Social worker who submitted report 786 days late struck off

The HCPC said the social worker had "breached the fundamental tenets of her profession"

Photo: Chris Titze Imaging

A social worker who was found to have a report 786 days overdue has been struck off by the Health and Care Professions Council.

The social worker had also not completed risk assessments, failed to progress direct payments quickly and did not complete support plans for five service users, a conduct and competence committee panel found.

The practice “had the potential to cause harm to service users and undermine public confidence in the profession”, the panel said.

The HCPC was alerted to the social worker’s poor practice when a manager’s review of her human resources portfolio, supervision and training records identified “concerning trends”.

Shocked

One case summary for a service user, which should have been due within five days, was not forwarded to her manager until it was 786 days – over two years – late.

The manager had been sent a request to authorise closing the service user’s case, and was “shocked”.

The social worker’s supervising manager also had to spend “considerable time” going through a partially completed risk assessment by the registrant which meant they could not look at her other cases, the panel found.

“The risk assessment was deficient in several respects and registrant was asked to complete it before the next supervision, however that did not materialise.”

The social worker did not engage with the panel, who concluded that she had “breached the fundamental tenets of her profession”, and decided to strike her off.

30 Responses to Social worker who submitted report 786 days late struck off

  1. Paul November 16, 2016 at 12:38 pm #

    I do wonder why the manager had not had their eye on the ball sooner

    • Luke November 16, 2016 at 1:15 pm #

      Yes, surely there is a significant supervision issue here that seems to have been brushed over.

    • Nicole November 17, 2016 at 2:53 pm #

      I feel the manager should also have consequences for not effectively supervising his/her staff properly. There’s no way this could have been missed if supervision was as its supposed to be. Whether monthly or weekly. No excuse

  2. Patricia lowe November 16, 2016 at 12:53 pm #

    Where was the manager’s oversight and use of supervision in all this. (S)he should have always been aware of the caseload and progress of each case.

  3. Anonymous November 16, 2016 at 1:11 pm #

    And where was regular supervision and managerial oversight of the workers caseload? Surely the manager should be reprimanded also?

  4. Catherine November 16, 2016 at 2:29 pm #

    There indeed appears to be a serious lapse of supervision – a report that 786 days late? C’mon! I hope there’s some come back for the line manager, too

  5. angel November 16, 2016 at 3:02 pm #

    it is ok to struck the social worker who is constantly under pressure. But does the extra money paid to managers while social workers work for minimum payment not to ensure that they supervise and check what social workers do? The manager should have been struck off too.

    However, as a social worker she should be reducing exposure to risk for the vulnerable which she has not done in this case. HCPC is definitely right because social workers are reminded of accountability and one of the things that they are taught is to challenge inadequate practices.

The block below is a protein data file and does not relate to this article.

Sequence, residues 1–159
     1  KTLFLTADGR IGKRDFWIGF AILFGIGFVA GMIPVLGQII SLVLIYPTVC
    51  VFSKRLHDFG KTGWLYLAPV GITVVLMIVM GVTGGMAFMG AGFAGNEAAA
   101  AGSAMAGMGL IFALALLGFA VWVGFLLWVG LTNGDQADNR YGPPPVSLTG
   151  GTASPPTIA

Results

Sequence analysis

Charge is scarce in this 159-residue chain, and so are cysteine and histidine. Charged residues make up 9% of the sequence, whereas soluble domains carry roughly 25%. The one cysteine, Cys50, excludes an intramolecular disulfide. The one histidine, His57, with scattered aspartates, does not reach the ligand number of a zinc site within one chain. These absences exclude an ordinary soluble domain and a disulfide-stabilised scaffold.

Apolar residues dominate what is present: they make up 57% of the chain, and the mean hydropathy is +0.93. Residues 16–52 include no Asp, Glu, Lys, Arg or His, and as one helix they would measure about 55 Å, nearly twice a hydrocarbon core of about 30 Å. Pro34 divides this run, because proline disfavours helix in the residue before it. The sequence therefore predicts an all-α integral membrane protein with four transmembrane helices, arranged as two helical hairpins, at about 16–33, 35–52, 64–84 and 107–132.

6. Annonymous November 16, 2016 at 3:44 pm #

    I echo the concern regarding appropriate management oversight, but as a Safeguarding Manager I have to ask where the individual Social Workers sense of responsibility was?! Grossly concerning! It’s not the Suoervisors responsibility to complete the pieces of work an autonomous and capable Social Worker was employed to complete; they didn’t. Shameful; the responsibility remains with the individual Social Worker, not to be displaced to their immediate line management.

    • anonymous November 16, 2016 at 6:35 pm #

      Agreed. Not to mention the fact that we don’t know the circumstances and whether or not the line manager had even been in post for the full period.

    • Yvonne Bonifas November 16, 2016 at 7:09 pm #

      I would have hoped a Safe guarding Manager could at least a) spell and b) recognize the systemic issues here.

      • edna cloud November 16, 2016 at 9:24 pm #

        I am shocked at some of these responses as our systems alert managers and senior managers of any outstanding assessments/visits/reports, so it is the manager’s fault for not ensuring the work was being done, or at least gone through outstanding work in supervision. Then to say because the manager had to finish the risk assessment, the social worker’s other work was not completed and overlooked , is rubbish. Any manager worth their salt, would have asked another team member to finish the risk assessment, so they could go through the remaining work and allocate this out to the team. The manager needs to have had some form of disciplinary hearing from this, due to utter incompetent management skills and they should not have allowed this to go on as long as it did. Thank god no one died

      • Ben Glass November 16, 2016 at 11:30 pm #

        Um the manager above does acknowledge the concerns re management

        Also, it’s *safeguarding*. One word.

        • Stuart November 27, 2016 at 4:27 pm #

          And when did ‘um’ become a word? One or otherwise.

    • Allan Graham November 17, 2016 at 12:25 pm #

      You are right in one sense. Individual responsibility is paramount and pointing fingers at individuals without good evidence is wrong. Both social workers and their managers act on behalf of their local authorities, so responsibility for systemic failures like this one rests with the respective authority.

  7. Sally November 16, 2016 at 5:32 pm #